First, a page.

Altered oligosaccharide structures reduce colitis induction in mice defective in β-1,4-galactosyltransferase.
ABSTRACT Oligosaccharide modifications induce various functional changes in immune cells. The galactose-deficient fraction of fucosylated IgG oligosaccharides is increased, whereas that of β-1,4-galactosyltransferase I (B4GalTI) is reduced, in patients with Crohn's disease. We investigated the role of oligosaccharide modification in the pathophysiology of colitis using B4galt1-deficient mice.
Colitis severity was compared between B4galt1(+/-) and B4galt1(+/+) mice. B cells isolated from B4galt1(+/-) and B4galt1(+/+) mice were adoptively transferred to recombination activating gene 2(-/-) mice, in which colitis was induced by administration of CD4(+)CD62L(+) T cells. Cell-surface glycan profiles were determined by lectin microarray analysis. Cytokine production was determined in a coculture of various types of cells isolated from either B4galt1(+/-) or B4galt1(+/+) mice.
Colitis induction by dextran sodium sulfate or trinitrobenzene sulfonic acid was significantly reduced in B4galt1(+/-) mice, which had galactose deficiency in IgG oligosaccharides (similar to patients with Crohn's disease) compared with B4galt1(+/+) mice. Amelioration of colitis was associated with increased production of interleukin-10 by macrophages in B4galt1(+/-) mice. Colitis induction in recombination activating gene 2(-/-) mice by administration of CD4(+)CD62L(+) T cells was reduced by cotransfer of B cells isolated from B4galt1(+/-), but not from B4galt1(+/+) mice. Lectin microarray analysis revealed increased expression of polylactosamines on B4galt1(+/-) B cells and macrophages, compared with B4galt1(+/+) cells. The production of interleukin-10 from macrophages was induced via their direct interaction with B4galt1(+/-) B cells.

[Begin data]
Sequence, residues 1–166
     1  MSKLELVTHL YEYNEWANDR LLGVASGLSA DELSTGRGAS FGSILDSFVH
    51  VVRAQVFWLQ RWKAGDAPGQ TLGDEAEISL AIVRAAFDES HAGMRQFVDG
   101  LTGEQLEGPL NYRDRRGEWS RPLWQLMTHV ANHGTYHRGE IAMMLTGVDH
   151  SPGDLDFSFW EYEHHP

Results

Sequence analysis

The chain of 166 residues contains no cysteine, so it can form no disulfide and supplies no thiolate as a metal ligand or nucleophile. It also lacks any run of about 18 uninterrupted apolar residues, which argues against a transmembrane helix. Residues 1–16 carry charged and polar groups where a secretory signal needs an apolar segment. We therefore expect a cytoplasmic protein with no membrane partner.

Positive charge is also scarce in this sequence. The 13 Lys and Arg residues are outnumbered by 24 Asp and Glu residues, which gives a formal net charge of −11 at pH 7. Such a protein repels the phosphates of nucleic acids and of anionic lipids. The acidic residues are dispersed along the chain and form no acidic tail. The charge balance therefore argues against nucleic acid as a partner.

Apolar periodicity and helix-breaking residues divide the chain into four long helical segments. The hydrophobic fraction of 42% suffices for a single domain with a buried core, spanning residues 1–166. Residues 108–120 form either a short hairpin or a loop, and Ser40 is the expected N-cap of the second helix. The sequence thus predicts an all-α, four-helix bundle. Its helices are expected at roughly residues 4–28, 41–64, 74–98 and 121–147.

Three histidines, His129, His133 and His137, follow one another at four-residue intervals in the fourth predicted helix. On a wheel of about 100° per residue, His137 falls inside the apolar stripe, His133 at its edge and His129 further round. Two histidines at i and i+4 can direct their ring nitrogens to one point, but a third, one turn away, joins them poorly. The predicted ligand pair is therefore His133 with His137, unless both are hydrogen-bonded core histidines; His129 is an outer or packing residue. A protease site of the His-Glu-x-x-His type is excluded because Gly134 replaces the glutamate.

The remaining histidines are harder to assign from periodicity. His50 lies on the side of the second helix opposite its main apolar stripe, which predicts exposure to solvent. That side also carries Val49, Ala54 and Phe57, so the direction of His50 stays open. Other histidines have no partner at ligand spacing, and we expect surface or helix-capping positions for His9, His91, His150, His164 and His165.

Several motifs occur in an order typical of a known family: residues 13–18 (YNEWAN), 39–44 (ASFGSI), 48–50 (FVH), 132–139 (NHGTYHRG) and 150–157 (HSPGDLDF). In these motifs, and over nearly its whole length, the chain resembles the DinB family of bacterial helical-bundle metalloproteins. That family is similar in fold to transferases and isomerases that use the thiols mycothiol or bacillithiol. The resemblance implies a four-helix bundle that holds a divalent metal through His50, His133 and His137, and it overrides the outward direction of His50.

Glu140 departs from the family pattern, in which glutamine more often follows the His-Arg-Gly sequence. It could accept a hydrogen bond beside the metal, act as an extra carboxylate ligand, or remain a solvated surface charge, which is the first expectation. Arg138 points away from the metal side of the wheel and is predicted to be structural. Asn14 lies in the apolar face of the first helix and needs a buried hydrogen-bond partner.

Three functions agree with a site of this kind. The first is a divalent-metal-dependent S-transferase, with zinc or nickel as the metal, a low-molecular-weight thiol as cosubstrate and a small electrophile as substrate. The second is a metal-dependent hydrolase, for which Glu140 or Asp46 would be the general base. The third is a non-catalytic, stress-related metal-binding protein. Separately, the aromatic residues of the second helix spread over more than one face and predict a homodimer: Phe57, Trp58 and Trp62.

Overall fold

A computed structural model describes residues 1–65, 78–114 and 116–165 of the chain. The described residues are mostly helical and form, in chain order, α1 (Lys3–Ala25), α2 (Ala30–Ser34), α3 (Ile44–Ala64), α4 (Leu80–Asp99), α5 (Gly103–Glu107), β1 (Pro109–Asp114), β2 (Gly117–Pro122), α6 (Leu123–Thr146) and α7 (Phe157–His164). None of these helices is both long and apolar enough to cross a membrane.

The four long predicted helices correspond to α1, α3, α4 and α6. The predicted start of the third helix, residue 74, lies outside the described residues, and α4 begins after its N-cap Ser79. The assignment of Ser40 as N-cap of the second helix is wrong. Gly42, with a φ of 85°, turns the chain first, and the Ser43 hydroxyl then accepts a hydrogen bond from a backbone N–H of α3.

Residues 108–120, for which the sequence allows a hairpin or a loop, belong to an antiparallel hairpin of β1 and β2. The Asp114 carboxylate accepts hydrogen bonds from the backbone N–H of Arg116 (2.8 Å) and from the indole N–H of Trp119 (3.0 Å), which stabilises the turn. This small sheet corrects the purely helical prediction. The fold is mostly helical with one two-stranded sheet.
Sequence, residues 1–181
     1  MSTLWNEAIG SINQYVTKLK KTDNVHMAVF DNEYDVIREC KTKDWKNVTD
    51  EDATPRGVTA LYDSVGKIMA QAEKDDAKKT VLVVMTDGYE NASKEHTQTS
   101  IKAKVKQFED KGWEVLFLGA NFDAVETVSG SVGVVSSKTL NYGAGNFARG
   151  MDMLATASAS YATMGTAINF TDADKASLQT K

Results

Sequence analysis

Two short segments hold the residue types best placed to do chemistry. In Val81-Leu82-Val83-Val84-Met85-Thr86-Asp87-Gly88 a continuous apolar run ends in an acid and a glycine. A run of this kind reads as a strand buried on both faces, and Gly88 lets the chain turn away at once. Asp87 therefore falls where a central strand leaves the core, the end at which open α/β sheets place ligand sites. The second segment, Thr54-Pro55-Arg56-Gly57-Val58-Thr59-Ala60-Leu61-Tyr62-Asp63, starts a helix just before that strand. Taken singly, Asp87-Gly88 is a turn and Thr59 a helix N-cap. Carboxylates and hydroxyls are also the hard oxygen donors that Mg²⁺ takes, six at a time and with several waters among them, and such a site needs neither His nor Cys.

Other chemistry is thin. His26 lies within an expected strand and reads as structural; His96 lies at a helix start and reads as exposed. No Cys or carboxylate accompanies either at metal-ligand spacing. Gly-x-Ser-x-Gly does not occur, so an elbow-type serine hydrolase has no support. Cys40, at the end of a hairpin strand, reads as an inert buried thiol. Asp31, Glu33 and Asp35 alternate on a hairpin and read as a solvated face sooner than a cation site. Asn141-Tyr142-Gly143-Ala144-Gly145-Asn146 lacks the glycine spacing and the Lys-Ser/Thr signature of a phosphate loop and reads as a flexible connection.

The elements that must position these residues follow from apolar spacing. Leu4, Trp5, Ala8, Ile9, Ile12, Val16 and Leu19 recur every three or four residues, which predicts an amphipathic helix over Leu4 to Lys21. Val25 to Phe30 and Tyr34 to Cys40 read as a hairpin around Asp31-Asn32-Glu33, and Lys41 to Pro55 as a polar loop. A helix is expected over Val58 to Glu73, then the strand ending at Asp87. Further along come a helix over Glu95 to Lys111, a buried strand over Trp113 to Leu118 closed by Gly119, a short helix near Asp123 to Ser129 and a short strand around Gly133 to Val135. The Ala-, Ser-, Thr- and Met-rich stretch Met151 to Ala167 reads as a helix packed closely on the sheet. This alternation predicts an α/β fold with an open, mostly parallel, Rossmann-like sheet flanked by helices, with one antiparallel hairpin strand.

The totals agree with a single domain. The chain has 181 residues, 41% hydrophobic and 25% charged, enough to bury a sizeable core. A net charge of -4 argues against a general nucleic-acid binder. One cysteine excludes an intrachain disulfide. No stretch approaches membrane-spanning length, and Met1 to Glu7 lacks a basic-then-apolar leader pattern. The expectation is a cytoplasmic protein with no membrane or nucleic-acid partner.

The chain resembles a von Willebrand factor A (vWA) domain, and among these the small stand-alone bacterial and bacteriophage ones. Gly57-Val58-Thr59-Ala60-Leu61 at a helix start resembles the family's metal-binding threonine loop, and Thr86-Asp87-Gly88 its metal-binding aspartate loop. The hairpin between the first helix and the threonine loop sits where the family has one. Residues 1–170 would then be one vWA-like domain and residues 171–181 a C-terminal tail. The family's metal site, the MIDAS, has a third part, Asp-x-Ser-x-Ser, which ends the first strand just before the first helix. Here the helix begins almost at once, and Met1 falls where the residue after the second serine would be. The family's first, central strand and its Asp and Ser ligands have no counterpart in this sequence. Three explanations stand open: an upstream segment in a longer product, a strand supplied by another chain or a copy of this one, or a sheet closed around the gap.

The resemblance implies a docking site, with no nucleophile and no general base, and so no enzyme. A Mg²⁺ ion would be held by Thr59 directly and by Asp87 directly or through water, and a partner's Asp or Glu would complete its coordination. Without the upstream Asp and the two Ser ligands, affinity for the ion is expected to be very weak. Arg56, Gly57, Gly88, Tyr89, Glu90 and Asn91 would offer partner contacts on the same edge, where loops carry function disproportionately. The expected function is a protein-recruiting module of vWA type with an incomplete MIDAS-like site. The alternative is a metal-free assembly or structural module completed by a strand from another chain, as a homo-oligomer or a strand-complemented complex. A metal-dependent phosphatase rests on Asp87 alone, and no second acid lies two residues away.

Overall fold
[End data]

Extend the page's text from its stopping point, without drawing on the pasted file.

Altered oligosaccharide structures on immune cells modulate mucosal inflammation. Oligosaccharides in immune cells might be a therapeutic target for inflammatory bowel diseases.
- SourceAvailable from: Yoshihiro Kamada[show abstract] [hide abstract]
ABSTRACT: Oligosaccharide modification by N-acetylglucosaminyltransferase- V (GnT-V), a glycosyltransferase encoded by the Mgat5 gene that catalyzes the formation of β1,6GlcNAc (N-acetylglucosamine) branches on N-glycans, is thought to be associated with cancer growth and metastasis. Overexpression of GnT-V in cancer cells enhances the signaling of growth factors such as epidermal growth factor by increasing galectin-3 binding to polylactosamine structures on receptor N-glycans. In contrast, GnT-V deficient mice are born healthy and lack β1,6GlcNAc branches on N-glycans, but develop immunological disorders due to T-cell dysfunction at 12-20 months of age. We have developed Mgat5 transgenic (Tg) mice (GnT-V Tg mice) using a β-actin promoter and found characteristic phenotypes in skin, liver, and T cells in the mice. Although the GnT-V Tg mice do not develop spontaneous cancers in any organs, there are differences in the response to external stimuli between wild-type and GnT-V Tg mice. These changes are similar to those seen in cancer progression but are unexpected in some aspects. In this review, we summarize what is known about GnT-V functions in skin and liver cells as a means to understand the physiological roles of GnT-V in mice. [BMB Reports 2012; 45(10): 554-559].BMB reports 10/2012; 45(10):554-9. · 1.63 Impact Factor